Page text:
Green Lantern’s DCEU Debut Should Make Him A Multiverse Villain

Green Lantern fans have long been divided over the controversial “Emerald Twilight” storyline, but it would be a perfect starting point for a multi-film science fiction epic, potentially positioning Hal Jordan as the multiversal villain of The Flash. Green Lantern is a foundational member of the DC Universe, with some iteration of the character in near constant rotation since the 1940s. But so far, his luck with movies has not been great; the 2011 Ryan Reynolds starring Green Lantern was a dud, failing to make an impression with critics or audiences.

The character has been in cinematic limbo since then, sitting out the DC Extended Universe films up to this point. Green Lantern not being around for Justice League was just one of that film’s myriad problems, but an important one nonetheless; the Justice League almost always includes a Green Lantern and his absence was felt in the movie.

A Green Lantern Corps film is reportedly in development, though very little is known about the details and status of that project. If the filmmakers want to really leave an impression on audiences, they could adapt (and improve) on the most shocking Green Lantern story of all time: “Emerald Twilight.”

There have been dozens of characters who have wielded a Green Lantern ring over the years, but for the lion’s share of the character’s existence, the main Green Lantern has been Hal Jordan. Created in the Silver Age of comics in the 1950s, Hal Jordan was a test pilot who was drafted into the Green Lantern Corps, a sort of intergalactic police force. Hal was a founding member of the Justice League and enjoyed a critically acclaimed run with Green Arrow called “Hard Traveling Heroes” that bluntly addressed social issues and politics in a way that was previously unheard of in mainstream superhero comics.

By 1993, Hal’s story was getting stale, and the people running DC Comics at the time were big on radical reinventions — this was the era when Bane broke Batman’s back and Doomsday killed Superman. The decision was made for a new character, Kyle Rayner, to become the title character. But rather than kill off Hal or simply phase him out of the book, it was decided he would lose his mind and become a villain.

Thus was born “Emerald Twilight,” easily the most controversial story in Green Lantern history. After his hometown of Coast City was decimated, a grief-stricken Hal attempts to use his power to recreate the city and its inhabitants. The Guardians of the Universe — the diminutive blue men who oversee and power the Green Lantern Corps — judged this a gross abuse of power and threatened to take away Hal’s power ring. This seemingly drove Hal completely insane and spurred a rampage across the galaxy, where Hal fought his fellow Green Lanterns on his way to the Guardians’ home planet of Oa, where the Central Power Battery that powers all Green Lantern rings resides. After murdering a handful of Green Lanterns, Hal absorbs all the energy from the Central Power Battery and becomes the entity known as Parallax, killing all but one of the Guardians and essentially dissolving the Green Lantern Corps in an instant. The lone surviving Guardian, Ganthet, travels to Earth with the last remaining power ring, where he hurriedly bequeaths it to the young artist Kyle Rayner.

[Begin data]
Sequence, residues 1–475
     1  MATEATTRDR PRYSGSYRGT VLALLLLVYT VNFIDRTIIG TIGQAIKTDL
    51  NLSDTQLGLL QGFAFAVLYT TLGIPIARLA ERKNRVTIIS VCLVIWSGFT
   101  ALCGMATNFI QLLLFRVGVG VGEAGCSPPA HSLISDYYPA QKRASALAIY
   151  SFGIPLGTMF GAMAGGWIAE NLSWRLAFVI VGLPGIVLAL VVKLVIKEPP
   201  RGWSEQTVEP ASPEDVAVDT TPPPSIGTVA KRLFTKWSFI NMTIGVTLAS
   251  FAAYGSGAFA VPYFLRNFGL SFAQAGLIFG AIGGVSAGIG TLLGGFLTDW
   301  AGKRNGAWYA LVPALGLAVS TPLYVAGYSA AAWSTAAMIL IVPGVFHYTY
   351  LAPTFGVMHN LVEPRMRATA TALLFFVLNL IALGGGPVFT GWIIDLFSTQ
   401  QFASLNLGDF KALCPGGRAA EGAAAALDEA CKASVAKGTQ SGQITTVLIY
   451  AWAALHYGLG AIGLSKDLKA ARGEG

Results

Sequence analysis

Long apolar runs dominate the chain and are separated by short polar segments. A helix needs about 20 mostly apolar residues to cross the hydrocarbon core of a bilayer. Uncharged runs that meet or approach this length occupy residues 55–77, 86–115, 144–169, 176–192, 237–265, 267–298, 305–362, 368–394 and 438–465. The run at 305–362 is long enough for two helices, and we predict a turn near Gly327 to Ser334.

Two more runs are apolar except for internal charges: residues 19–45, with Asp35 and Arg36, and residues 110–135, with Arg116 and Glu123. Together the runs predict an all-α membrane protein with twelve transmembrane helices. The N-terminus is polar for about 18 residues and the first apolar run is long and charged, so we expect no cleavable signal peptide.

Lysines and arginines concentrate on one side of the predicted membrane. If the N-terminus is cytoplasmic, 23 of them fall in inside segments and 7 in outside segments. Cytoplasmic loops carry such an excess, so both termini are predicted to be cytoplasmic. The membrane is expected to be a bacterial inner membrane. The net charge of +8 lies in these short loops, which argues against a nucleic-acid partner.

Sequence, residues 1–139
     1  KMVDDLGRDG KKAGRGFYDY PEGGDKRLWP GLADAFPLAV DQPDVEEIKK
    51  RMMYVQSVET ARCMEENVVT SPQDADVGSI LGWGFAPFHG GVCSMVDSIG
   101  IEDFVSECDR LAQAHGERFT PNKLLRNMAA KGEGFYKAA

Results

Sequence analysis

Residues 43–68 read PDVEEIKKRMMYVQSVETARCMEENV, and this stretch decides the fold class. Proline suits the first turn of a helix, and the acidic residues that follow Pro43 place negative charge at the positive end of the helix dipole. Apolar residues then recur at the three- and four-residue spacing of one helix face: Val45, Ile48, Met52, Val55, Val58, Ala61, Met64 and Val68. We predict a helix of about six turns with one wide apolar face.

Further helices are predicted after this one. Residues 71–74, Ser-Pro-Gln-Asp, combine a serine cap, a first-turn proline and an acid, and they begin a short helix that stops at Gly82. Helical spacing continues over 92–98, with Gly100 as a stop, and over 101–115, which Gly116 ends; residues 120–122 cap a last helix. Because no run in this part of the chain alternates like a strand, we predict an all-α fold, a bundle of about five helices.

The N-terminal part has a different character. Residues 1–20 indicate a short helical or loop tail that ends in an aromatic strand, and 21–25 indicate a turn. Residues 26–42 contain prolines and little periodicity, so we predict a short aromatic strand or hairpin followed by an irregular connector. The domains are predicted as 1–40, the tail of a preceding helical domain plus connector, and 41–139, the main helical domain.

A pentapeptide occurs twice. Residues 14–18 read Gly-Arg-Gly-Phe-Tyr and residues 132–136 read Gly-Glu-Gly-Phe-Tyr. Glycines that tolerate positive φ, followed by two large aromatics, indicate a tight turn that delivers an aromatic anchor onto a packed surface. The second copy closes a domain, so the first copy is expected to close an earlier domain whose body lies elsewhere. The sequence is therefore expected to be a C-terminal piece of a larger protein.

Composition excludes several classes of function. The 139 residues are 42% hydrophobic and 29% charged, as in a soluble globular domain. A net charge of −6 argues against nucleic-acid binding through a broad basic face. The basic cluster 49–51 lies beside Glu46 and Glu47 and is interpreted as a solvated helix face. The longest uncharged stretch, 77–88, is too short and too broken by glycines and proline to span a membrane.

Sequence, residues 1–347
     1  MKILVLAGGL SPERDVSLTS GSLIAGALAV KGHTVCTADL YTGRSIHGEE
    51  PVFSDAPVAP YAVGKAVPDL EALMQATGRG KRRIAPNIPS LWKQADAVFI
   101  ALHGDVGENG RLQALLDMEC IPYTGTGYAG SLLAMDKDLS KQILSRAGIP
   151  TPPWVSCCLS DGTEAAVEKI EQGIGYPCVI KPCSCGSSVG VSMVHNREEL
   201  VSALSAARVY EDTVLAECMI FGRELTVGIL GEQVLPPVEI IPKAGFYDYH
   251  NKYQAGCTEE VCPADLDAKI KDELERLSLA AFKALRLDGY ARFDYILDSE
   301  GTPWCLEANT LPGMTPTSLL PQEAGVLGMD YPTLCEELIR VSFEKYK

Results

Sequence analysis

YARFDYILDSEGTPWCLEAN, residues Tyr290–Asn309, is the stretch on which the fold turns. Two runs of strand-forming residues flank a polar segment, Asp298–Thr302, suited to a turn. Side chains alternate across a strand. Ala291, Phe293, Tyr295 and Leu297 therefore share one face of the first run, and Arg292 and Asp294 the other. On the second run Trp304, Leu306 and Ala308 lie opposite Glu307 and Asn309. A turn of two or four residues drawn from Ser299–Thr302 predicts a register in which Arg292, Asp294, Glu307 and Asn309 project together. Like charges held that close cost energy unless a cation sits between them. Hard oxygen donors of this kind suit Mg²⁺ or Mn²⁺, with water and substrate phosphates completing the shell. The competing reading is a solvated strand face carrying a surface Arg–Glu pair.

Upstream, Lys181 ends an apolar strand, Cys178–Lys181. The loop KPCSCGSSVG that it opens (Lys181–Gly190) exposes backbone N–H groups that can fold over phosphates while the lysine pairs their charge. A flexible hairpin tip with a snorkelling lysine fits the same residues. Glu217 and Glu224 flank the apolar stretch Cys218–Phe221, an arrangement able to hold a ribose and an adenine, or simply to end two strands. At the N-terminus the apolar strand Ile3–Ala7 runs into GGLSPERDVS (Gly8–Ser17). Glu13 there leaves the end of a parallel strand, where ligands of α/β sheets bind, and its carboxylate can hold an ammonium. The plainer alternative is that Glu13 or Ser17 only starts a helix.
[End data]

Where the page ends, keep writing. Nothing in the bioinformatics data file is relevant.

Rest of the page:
It’s a stunning story to this day, though its impact has been blunted a bit by later retcons (as discussed below). It completely threw out the concept that had been at the heart of Green Lantern’s appeal since the 1950s and horrified fans of Hal Jordan. It’s easily one of the most shocking twists in comic book history.

The next major appearance for Hal Jordan as Parallax was in the massive crossover event Zero Hour, which saw Hal attempt to rewrite all of history to his own personal taste. It would be easy and interesting to have Hal serve as the villain of the multiverse spanning Flash film, with Barry Allen attempting to stop Hal from altering the multiple timelines.

A few things would have to be changed for a big-screen riff on “Emerald Twilight” to work, chief among them including the retcon of the reason for Hal’s insanity in 2004’s Green Lantern: Rebirth. That book explained that Hal hadn’t simply lost his mind, he had been infected by the fear entity Parallax when he was at his most vulnerable moment emotionally after the destruction of Coast City. That DC comics retcon added a much-needed explanation for Hal’s sudden character turn, and also offered up a cool new science-fiction idea that writer Geoff Johns would greatly expand on in his acclaimed run on the character in the 00s. It makes it so Hal isn’t just a cold-blooded, murdering psychopath, and gives him a potential redemption arc down the road. It would also allow for Hal to be a more sympathetic character in the Flash film, as Barry tries to reach out to the good still buried in the former Green Lantern.

Green Lantern offers nearly endless storytelling possibilities in its massive corner of the DC Universe, but a combination of “Emerald Twilight” and Zero Hour would be a great way to give deeply compelling character arcs to both Hal Jordan and Barry Allen beyond just having them team up in a Justice League style film.

Green Lantern often gets held up as DC’s potential answer to Star Wars, and leaning into the operatic tale of the rise and fall of Hal Jordan would be an ideal way to show the property is about more than just special effects and space battles; it’s ultimately about the characters, why they were chosen to wield such unimaginable power, and what happens when one of them falls short of expectations. It would undoubtedly be a risky move, essentially allowing one of the faces of your franchise to become a villain for a movie or two, but it’s the kind of bold storytelling the DCEU needs to justify its continued existence.

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